In the latest Hardware Focus, we take a look at one of just two late-70s 48-channel API split consoles still in existence.
Boulevard Recordings’ very special API 3288 console is an all-American classic. It’s a great all-rounder for processing individual tracks through the channel strips, printing stems, analogue summing and transformer colouration. It can produce a wide range of sonic output from soft and mellow to gritty and punchy, and it’s extremely useful for widening a mix and wrapping your project in its analogue goodness. You can try it out on The Audio Hunt here.
Talking to Clay, chief engineer and proud studio owner, the story opens with motifs of vintage beauty. Thinking about the console, he mentions: “Well, it’s mid 1970s, all-American discrete love. It’s a vintage API, a true piece of history. Ours is a very special API. Other than RAK in the UK, [and despite its model number] ours is the only known 48-channel split console from that era of API. It was at ABC in New York City, where it was used for broadcast purposes, so it has an extra set of Jensen transformers on each channel.”
Basic theory says the more layers of transformers, the more colouration possibilities, but because this is a console and not a standalone rack unit, it offers the option of going through any combination of Jensen transformers depending on the effect you’re looking to achieve. Clay adds: “First you could just run through the line amps of the individual channels and back out. That gives you the basic channel strip of the API with 2520 op amps and two Jensen transformers. The next option is to also sum through the master bus with the channel engaged. That hits another pair of 2520 op amps and another pair of Jensen transformers. If you wanted to go even more colourful we can bus your tracks in addition to the master bus and channel strip. This gives you another pair of 2520 op amps and transformers. Or we can try all three together to give you all the options!”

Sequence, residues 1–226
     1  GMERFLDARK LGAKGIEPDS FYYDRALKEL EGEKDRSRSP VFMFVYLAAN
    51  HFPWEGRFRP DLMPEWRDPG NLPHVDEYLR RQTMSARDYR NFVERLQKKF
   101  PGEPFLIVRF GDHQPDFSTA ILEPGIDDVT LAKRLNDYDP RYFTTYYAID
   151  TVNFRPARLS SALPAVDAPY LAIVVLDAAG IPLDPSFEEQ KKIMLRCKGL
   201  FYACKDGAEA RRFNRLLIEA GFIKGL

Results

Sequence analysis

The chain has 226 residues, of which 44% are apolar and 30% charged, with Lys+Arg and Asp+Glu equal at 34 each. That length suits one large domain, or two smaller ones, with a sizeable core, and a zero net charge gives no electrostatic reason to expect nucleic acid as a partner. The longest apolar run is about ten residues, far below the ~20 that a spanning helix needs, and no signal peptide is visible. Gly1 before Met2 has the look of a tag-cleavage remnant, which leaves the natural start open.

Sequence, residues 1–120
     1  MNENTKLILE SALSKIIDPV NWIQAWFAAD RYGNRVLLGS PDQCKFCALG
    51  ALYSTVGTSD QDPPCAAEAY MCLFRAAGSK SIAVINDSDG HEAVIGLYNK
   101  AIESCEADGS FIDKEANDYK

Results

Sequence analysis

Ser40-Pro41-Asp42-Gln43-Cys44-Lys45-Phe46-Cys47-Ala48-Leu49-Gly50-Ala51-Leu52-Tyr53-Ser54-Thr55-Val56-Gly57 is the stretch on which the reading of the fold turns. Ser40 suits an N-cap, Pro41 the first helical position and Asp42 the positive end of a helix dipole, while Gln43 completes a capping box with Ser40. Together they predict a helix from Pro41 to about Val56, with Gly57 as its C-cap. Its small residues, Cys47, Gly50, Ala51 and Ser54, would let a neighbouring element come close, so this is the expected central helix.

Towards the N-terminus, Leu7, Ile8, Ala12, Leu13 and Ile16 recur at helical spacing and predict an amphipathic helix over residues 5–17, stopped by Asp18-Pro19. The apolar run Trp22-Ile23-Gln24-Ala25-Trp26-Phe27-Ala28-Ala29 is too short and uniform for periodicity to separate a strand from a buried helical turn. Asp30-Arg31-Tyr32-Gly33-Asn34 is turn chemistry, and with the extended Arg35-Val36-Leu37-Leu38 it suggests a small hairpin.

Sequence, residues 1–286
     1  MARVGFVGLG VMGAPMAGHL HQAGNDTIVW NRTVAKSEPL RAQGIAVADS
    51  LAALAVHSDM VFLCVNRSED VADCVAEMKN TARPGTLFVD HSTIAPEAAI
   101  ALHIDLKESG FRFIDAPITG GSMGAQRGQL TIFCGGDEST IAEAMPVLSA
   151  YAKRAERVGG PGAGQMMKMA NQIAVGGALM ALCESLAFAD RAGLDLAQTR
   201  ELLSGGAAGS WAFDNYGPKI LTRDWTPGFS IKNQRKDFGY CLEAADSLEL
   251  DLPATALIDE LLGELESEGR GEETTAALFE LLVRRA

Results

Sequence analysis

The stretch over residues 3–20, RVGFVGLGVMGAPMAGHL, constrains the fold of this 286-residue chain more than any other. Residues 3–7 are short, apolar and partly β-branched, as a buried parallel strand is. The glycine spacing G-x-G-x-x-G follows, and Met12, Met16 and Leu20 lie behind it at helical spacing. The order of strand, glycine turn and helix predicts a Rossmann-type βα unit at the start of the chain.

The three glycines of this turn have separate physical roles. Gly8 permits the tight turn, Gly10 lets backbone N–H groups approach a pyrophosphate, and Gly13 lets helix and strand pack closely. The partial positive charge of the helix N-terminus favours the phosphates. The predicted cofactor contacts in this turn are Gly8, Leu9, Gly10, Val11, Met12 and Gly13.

With regards to electronic music, the possibilities are endless and Clay provides a brilliant account on some of the desk’s uses: “A lot of electronic music is made up of samples, homemade loops and FX. Working in the box is convenient, but being able to widen a mix or tonally alter it gives the track a unique character which is what analogue consoles like the API are known for. They’re tone monsters. They can do subtle and not subtle at all.”
As mentioned, colouration can be achieved by driving the input transformers; if pushed hard enough the outcome is a very pleasing and organic sounding distortion. “The API is discrete, meaning there are no microchips, and all of the components are hand-soldered discrete components. So when we overdrive a channel you get varying degrees of beautiful 1970s American analogue console distortion. We sometimes recommend this as an add on to your tracks.”
As an alternative approach, Clay suggests passing single elements through the console whilst heavily distorting them and then mixing those wet tracks in to taste. Similar to how parallel compression works, this will add interest and most certainly grit to those elements you wish to supercharge in the mix. Another interesting comment Clay concerns summing the mix through the desk – “When you get things out on the board, they are taken out of the pan limits of the DAW. People usually notice a widening effect when they have run all of their tracks through the console.”
Both Clay and the team at Boulevard highly recommend trying this vintage desk on your own tracks. As Clay himself adds: “Anyone wanting to get more out of what they have at home should try printing through the API. It’s going to give you something that no plugin or sample can. If you’re really into what you do and care about detail and sonic quality, this is going to up your game. You will notice a difference. Samples are sterile on their own; an analogue console is able to give you something more. It tonally shapes everything in a unique way.”
One hour of Boulevard’s time spent on your tracks with the API 3288 will cost $75, but the results will most certainly not disappoint. As an added bonus, this console lives in the recording studio where Pink Floyd finished The Wall. It was not part of that record, but after its broadcast days at ABC it was used on a few Deep Purple records. So apart from a fabulous piece of analogue goodness, a world-class recording facility and high-calibre engineers, you also get to print a piece of recording history on your tracks. Try it out here.